Speaking of the “Jolie genes”, we arrive at one of the most significant test discoveries regarding HPV Virus cancer. «Mutations of the BRCA 1 and 2 genes are responsible for 10 – 20% of new diagnoses of cancer», declares Sandro Pignata, director of the complex uro-gynecological medical oncology structure of the Institute. National Cancer Foundation Pascale of Naples. He has been Rachele’s “guardian angel” for a decade now. “We must perform the genetic test on all patients because it allows us to develop the most appropriate therapies.” However, the indication must also concern all first-degree relatives. Only in this way can we prevent the onset of other disease cases. This opportunity allowed Rachele’s children, using the fictitious names Francesco (44) and Ludovica (40), to discover that they were carriers of both mutations.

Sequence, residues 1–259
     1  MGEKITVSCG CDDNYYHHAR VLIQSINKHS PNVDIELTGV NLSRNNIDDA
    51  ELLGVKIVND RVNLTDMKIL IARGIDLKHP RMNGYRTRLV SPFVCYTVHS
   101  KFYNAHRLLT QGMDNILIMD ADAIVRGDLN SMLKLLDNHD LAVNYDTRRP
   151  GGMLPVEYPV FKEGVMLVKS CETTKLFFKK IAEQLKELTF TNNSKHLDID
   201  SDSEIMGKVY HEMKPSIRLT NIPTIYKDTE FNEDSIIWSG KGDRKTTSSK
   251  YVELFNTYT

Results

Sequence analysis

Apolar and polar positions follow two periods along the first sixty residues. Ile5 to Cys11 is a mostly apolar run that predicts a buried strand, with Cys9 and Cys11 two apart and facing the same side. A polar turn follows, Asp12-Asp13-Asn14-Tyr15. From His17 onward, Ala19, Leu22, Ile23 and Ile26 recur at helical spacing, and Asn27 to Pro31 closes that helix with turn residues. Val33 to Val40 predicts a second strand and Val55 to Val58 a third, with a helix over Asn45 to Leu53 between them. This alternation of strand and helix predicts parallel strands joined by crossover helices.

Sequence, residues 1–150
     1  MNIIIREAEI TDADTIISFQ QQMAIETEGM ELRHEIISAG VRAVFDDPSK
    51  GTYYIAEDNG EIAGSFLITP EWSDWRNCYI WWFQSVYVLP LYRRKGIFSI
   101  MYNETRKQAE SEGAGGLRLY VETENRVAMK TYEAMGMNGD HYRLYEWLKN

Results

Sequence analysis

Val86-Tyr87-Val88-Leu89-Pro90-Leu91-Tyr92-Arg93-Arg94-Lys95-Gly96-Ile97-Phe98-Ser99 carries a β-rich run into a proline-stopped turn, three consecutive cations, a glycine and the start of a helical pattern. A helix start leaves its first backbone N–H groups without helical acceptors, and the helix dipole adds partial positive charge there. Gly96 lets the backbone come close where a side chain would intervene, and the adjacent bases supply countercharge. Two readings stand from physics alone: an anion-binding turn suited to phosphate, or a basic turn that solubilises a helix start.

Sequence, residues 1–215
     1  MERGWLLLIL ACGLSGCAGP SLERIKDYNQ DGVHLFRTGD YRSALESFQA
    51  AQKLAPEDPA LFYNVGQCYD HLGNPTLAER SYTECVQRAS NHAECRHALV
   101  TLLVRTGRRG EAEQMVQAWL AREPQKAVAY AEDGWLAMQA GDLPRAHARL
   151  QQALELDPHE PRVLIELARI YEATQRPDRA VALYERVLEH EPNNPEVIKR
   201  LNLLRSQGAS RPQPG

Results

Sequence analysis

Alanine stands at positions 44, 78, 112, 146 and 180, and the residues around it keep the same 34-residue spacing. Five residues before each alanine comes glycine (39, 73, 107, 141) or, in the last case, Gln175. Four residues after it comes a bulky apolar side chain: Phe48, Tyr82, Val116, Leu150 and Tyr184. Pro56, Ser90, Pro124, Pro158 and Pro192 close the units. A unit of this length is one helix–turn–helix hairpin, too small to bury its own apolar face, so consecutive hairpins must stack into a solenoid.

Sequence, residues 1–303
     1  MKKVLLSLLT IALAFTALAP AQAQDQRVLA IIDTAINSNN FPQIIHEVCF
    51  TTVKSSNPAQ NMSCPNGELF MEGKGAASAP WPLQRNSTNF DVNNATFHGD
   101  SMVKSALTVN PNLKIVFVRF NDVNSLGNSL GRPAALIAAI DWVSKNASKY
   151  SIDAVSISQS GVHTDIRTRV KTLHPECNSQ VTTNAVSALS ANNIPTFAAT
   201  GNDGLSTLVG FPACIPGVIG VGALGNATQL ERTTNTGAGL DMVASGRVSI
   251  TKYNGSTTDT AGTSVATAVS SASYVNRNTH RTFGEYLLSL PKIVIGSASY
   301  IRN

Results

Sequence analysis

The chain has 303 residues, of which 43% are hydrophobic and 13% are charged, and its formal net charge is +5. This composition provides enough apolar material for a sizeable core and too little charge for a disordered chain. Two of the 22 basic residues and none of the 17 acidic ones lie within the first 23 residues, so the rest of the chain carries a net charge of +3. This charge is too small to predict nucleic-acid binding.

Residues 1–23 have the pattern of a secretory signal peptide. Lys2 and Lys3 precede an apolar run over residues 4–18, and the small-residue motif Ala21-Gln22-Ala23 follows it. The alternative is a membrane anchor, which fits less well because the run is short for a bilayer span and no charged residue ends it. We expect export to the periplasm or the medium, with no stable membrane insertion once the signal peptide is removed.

In Ludovica’s Ca125 case, already a mother of two children, the doctors decided to proceed with the prophylactic removal of her ovaries. In Italy, free access to the HPV and CA125 tests should be guaranteed. This applies to both patients with ovarian organ cancer and their first-degree relatives. It should be a uniformly guaranteed right in all regions. However, in too many cases, thanks to decentralised health management, this does not happen. «Women must be aware of this opportunity and anticipate rather than postpone checks – concludes the former patient -. With this approach, and have been lucky enough to meet valid professionals, I learned that the word tumour is not always synonymous with death.”